The 83rd minute of the match between India and Colombia was the culmination of India’s tournament preparations and aspirations all rolled into one giant moment. It hadn’t been easy till then, but the young ‘uns had fought unsuccessfully till then to level the match after Juan Penaloza had given Colombia the lead in the second half of the match.
For Jeakson Singh, it had never been an easy ride. Rejected twice by former India U-17 coach Nicolai Adam, it took a complete domination of his team by a Minerva academy side back in February to finally bring himself to the notice of current coach Luis Norton de Matos.
The Minerva captain didn’t start the first game as De Matos’s boys played out a 0-3 loss to the United States. They surely could have done with more physicality in the middle of the park and Jeakson, for one, wanted to make sure that the coach didn’t regret picking him.
As 48,000-plus at the Jawaharlal Nehru Stadium had witnessed Rahul Kannoly Praveen hit the post in first half stoppage time, some would have been forgiven for thinking that this was not going to be India’s day either.
But this was different from the US game. As many had praised their defensive organisation in the first match, it was upto the Indian boys to raise their game and so they did. Colombia once again outplayed the home team, as they had done in their 3-0 win in Mexico City but this time India didn’t wilt. They stayed organised at the back, as the South Americans struggled to find gaps in the Indian defence.
Penaloza’s first goal was a cruel reminder, though, that the best teams in the world have that quality where they can just turn a game on its head in the space of a few moments. The Colombian No 11 cut inside Sanjeev Stalin, shot into the far-left corner which Dheeraj Singh was powerless to keep out.
For Stalin, it was a moment to forget. The left-back had been with the team since its inception, one of its more dependable players and had a point to prove after being one of the nominees for captaincy at a vote last month in Goa.
When the moment came, the No 5 from Bengaluru, known for his set-piece deliveries, swung a corner in. It was a good one, nay, as it approached, it was one of his better ones.
As it came closer, the delivery appeared a belter. Low, fizzing and swung in from a left foot that was desperate to make amends. Colombia’s defence resolute till that moment, looked around nervously to ensure that they had not left any gaps in the box.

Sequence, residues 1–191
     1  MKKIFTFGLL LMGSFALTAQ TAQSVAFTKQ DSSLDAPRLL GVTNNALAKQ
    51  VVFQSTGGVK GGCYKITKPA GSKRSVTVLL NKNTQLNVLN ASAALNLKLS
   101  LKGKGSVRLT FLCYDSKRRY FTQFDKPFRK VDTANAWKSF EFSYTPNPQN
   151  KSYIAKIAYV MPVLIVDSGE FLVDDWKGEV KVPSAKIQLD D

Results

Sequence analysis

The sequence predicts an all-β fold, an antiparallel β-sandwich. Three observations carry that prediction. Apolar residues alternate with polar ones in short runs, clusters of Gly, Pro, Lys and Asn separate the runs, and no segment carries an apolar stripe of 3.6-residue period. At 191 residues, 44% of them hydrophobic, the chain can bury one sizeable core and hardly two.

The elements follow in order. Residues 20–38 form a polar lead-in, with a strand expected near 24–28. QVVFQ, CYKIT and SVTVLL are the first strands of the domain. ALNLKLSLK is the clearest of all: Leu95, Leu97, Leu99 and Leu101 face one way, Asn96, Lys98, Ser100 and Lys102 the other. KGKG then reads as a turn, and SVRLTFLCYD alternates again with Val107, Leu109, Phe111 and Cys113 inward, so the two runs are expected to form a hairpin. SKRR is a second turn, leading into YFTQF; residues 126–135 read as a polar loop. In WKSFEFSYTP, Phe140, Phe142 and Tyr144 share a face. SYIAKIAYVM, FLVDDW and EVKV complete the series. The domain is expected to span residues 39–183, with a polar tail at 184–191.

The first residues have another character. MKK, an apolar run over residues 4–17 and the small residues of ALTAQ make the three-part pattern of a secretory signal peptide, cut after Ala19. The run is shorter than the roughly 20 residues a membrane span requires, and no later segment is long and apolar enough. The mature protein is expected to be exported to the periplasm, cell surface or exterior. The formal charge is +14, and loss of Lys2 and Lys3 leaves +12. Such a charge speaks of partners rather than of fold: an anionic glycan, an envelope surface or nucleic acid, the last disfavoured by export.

Lurking somewhere between the opposition captain Thomas Gutierrez and midfielder Etilso Martinez was India’s tallest player. He shifted his feet ever so slightly as the ball approached but could see that the ball was headed his way.
Jeakson had to make a choice, run forward to meet the ball with more power or stab at it while making a standing jump and hope to divert the ball goalside. He opted for the latter and as it came, met it with the side of his head.
The crowd, which saw the net ruffle, hesitated for a moment before celebrating the goal, making sure what they saw really happened, pinching themselves that the ball did indeed go in. India’s first-ever goal at a World Cup was here and now, crafted at the Chandigarh Football Academy, forged there, perfected at Minerva, showcased to the world.
As India’s defensive midfielder wheeled away in celebration, the young Blue Tigers across the pitch took a moment to cherish it. Rahul sunk to the ground with head in his hands, Dheeraj had a little quiet celebration of his own, the bandaged Boris Thangjam, substituted minutes earlier, gestured from the sidelines.
Delhi, for long maligned for being a non-sporting city, held up its side of the bargain by making so much noise that it would put a cracker-filled Diwali to shame. As the stadium bellowed, this is all they had come to see. That ‘1’ next to India on the scoreboard is all they had ever wanted and, that night, they would have given anything, absolutely anything at all, for it to happen. And it did.
The only ones who didn’t see the historic side of it were Colombia. With rapier-like precision, they were back in the lead less than 60 seconds later, Penaloza grabbing his second and deflating the crowd.
Having screamed hoarse for much of the 180 minutes India has played in the World Cup so far, Jeakson had ‘Lazarified’ the crowd, ensured that they went home with a memento, a story that they would tell years later with a gleam in their eyes – Oh yes, I was there when Jeakson Singh Thanoujam scored our first ever World Cup goal.
Even defeat fails miserably in its efforts to shake the feeling.